The whole thing is a must-read, but those two paragraphs struck me because it clarified a lot of thoughts I had about how women characters function in cartoons. As you can tell, I watch a lot of animated “stuff,” and what’s weird is how, overall, male characters are fairly developed from the start while women characters tend to fluctuate. This is in extremely broad terms, but part of me wonders if the kinds of stakes that we’ve inadvertently gendered is a bigger issue than just poor, outdated teaching ideas. It’s a top-down problem worth exploring in deeper detail.


A few weeks ago, I watched Flushed Away, an Aardman/Dreamworks collaboration that did mediocre at the box office, so as to assure that Aardman and Dreamworks would never work together again. It was a film that garnered mixed to poor reviews, but with my current run to catch up on animated films, I thought I’d give it a go, with the requisite that I would Twitter rant about its flaws. And while it was flawed, I was struck by how fascinating the “secondary” character, Rita, was. Rita was an extremely strong, well-developed presence, much more than Roddy, the titular main character. She was voiced by an extremely game Kate Winslet, and had the tenacity of Lara Croft with a warm, engaging emotional appeal like Pearl from the early episodes of Steven Universe. With a few tweaks, Flushed Away could’ve been an precursor to Mad Max: Fury Road – a generic film masking a strong, almost-feminist bent, in which Rita was the real star and Roddy, at best, an annoying sidekick. I can’t tell if it was Dreamworks or Aardman who missed that narrative, but it goes to how we perceive certain narratives and gendered character roles within a piece of entertainment.

I’m not sure how anyone, within the pre-production period of a film, not look at the development of Rita and recognize that she is the star, full stop. She possesses the “big external stakes” and the main thrust of the film is built upon her goals. Yet placing Roddy as the film’s lead is just part of the overall trend with large-stake narratives (he’s front and center on the DVD cover). There are plenty of great female characters, but they feel isolated, the lone feminine figure in weirdly, excessively male-driven worlds. Yet there’s a little bit more going on here, because opening up certain types of characters to the feminine sphere might cause a bit of hand-wringing. In the past 35 years, how many villains, or even antagonists, in films have been female who aren’t mothers? And what about the henchmen?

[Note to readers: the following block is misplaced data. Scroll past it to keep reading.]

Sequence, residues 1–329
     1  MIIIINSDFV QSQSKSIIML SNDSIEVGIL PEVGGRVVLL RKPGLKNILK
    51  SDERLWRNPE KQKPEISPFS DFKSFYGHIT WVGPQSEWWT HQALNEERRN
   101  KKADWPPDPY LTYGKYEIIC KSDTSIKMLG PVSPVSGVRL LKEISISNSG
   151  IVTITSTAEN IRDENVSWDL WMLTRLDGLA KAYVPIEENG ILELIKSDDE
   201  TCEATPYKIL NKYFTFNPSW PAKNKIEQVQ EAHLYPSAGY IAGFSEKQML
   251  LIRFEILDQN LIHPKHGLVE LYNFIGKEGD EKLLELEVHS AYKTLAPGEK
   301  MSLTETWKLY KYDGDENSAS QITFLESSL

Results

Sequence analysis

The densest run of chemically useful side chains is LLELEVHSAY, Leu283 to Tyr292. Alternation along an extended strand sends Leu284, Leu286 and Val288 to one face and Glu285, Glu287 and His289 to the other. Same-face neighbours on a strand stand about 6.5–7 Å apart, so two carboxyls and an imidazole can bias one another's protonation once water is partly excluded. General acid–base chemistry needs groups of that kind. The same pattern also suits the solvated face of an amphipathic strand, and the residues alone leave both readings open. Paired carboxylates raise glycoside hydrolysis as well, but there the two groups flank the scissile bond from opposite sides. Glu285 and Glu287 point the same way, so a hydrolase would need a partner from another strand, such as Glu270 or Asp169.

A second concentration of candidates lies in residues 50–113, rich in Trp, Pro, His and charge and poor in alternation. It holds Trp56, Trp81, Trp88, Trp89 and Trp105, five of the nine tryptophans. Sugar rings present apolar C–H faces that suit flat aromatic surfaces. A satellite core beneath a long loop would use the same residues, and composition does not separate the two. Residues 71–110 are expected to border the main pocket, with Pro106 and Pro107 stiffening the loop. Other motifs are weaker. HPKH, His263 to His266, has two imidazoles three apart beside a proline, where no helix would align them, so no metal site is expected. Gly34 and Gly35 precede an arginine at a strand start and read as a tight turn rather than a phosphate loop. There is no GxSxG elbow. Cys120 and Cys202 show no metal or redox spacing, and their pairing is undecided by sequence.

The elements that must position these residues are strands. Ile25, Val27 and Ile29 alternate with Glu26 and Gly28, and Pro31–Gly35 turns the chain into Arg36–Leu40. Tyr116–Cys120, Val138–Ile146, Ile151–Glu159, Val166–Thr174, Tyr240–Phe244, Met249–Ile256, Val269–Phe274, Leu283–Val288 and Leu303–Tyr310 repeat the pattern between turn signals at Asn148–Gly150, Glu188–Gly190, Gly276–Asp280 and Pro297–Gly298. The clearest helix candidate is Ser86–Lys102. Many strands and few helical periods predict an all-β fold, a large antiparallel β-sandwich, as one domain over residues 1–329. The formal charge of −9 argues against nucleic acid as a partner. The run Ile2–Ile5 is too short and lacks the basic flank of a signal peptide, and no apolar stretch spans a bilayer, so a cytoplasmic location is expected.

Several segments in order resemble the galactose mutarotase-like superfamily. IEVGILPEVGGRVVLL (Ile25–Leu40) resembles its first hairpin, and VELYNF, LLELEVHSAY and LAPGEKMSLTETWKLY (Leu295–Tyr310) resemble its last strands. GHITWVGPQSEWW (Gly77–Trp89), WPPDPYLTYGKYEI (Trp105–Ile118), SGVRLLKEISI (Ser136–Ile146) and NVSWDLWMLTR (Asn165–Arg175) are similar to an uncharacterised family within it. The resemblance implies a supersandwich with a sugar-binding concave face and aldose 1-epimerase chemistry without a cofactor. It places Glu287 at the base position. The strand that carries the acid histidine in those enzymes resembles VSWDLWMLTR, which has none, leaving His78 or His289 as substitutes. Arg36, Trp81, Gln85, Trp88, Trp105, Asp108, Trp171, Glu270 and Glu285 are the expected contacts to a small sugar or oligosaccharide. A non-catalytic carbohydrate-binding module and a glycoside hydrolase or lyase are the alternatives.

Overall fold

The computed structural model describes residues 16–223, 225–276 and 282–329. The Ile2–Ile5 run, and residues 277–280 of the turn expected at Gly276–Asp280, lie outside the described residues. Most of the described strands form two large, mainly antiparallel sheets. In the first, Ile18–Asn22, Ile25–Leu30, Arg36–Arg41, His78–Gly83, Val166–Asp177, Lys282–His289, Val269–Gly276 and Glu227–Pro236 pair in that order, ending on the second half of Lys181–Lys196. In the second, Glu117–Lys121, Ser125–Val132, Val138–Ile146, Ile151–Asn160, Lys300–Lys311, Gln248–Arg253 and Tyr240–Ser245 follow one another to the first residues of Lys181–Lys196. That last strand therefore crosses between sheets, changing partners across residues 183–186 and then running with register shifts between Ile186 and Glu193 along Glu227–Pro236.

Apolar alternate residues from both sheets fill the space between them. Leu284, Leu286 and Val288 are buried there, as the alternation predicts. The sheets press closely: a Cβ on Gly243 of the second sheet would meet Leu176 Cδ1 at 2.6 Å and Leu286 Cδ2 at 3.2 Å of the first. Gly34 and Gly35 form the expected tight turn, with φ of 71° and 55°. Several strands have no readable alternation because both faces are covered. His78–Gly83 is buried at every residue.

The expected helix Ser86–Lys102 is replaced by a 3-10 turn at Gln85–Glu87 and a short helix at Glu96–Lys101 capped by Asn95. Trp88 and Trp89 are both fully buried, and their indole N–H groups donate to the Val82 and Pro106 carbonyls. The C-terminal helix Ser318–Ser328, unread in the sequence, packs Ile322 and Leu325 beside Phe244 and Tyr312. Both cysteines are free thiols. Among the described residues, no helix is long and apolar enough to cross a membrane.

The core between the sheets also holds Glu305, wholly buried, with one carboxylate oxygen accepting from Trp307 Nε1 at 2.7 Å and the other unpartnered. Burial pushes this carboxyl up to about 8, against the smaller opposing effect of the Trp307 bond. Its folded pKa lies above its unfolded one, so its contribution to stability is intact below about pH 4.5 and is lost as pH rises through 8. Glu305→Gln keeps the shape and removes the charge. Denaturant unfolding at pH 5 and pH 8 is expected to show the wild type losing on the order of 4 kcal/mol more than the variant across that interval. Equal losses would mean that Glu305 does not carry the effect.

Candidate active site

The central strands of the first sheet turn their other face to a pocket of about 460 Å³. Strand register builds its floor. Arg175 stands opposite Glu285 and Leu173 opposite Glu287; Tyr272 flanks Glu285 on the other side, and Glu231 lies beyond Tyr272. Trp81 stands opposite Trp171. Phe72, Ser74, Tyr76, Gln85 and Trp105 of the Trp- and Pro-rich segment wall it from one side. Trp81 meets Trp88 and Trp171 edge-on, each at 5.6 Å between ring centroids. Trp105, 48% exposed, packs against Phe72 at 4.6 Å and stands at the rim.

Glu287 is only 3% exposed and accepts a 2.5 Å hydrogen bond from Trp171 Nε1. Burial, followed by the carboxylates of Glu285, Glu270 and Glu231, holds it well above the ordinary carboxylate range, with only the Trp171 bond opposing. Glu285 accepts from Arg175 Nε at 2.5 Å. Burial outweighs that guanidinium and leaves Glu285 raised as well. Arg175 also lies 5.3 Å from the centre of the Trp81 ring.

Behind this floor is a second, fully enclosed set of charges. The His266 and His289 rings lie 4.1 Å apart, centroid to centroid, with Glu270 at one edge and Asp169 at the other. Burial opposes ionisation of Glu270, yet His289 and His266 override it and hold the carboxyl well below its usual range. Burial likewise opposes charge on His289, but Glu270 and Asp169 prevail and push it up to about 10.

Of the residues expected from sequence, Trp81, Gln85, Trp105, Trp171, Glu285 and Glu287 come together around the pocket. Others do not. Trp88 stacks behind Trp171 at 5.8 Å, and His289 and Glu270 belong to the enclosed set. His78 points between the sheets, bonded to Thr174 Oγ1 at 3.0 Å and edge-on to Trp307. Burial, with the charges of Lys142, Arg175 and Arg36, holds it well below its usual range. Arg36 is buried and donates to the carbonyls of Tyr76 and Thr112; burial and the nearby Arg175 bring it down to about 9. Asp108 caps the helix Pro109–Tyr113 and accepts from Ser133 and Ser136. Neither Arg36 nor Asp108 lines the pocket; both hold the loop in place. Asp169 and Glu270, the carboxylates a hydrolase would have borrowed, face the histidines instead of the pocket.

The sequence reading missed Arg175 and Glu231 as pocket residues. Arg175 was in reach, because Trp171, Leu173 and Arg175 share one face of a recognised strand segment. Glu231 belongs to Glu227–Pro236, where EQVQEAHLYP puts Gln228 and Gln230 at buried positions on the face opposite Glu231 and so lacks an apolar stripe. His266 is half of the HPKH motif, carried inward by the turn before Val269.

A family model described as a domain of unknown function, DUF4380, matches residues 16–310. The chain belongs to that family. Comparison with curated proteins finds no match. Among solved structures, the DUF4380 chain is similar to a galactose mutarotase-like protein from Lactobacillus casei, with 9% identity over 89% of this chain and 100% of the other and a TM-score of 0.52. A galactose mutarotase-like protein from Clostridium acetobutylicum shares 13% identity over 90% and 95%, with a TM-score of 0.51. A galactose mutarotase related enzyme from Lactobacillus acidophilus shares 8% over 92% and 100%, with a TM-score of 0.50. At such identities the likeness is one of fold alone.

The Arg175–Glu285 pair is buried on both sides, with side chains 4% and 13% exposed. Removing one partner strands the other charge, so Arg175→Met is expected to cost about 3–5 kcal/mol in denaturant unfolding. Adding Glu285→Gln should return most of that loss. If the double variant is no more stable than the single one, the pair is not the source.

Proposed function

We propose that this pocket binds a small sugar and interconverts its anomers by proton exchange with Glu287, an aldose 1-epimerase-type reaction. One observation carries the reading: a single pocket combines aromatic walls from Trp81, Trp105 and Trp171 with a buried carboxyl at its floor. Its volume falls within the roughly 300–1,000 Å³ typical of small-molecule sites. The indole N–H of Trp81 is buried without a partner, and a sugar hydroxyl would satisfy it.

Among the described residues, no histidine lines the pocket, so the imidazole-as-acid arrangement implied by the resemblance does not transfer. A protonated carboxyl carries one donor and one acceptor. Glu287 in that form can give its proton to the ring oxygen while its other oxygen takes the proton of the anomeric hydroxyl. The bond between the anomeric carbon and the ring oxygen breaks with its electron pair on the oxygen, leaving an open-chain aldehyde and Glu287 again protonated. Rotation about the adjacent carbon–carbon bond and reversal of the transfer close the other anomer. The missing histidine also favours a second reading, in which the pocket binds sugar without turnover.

(The role of henchmen is worthy of a talk of its own. From second-in-commands to the lowly grunts, being a henchmen is a seriously male-driven occupation. How much of this is Standard and Practices, though? How much of this is the overall fear of placing female characters in positions that is primarily set up for bumbling and red-shirting? Because animation has become a medium driven to appeal to kids, the fear is that placing women in roles that usually get abused would be disrespectful and cause kids to follow suit, but that’s damaging to both boys and girls, since it ignore girls completely as well as encourages that kind of disrespect among boys. But I digress.)

One of the most important aspects of the early Disney Afternoon cartoons was its general focus on appealing to a broad, mixed fanbase. Both The Wuzzles and Gummi Bears clearly were looking to appeal to both boys and girls, but the focus shifted as Ducktales hit the airwaves. The shows that came after – Rescue Rangers, TaleSpin, Darwking Duck – had enough content to keep young women hooked, but they were mostly the fare of boys. In addition, the grouping dynamics of the primary cast of cartoons shifted. Girl-to-boy ratios went from 2:3 to 1:3; if a show present a group of mixed-gendered characters as the show’s leads, it has never provided more girls characters than boys. Mostly all kids networks mimicked this, despite hit shows like The Powerpuff Girls showing the potential of female character-driven shows. And really, not since Hey Arnold! have a show really explored a rich, varied group dynamic.

It’s clear that gendering narratives is both harmful and lazy. But what is insidious is how ingrained this idea has become. Not only are certain “types” of stories have to be told from the perspective of boy characters, but the minute details of those stories have to fit certain parameters. There’s very little focus on emotions or vulnerability, although that is getting better: Wander (Wander Over Yonder), Steven (Steven Universe), and Gumball (The Amazing World of Gumball) are much more prone to wearing their emotions on their sleeves, and acknowledging that those explicit feelings are valid.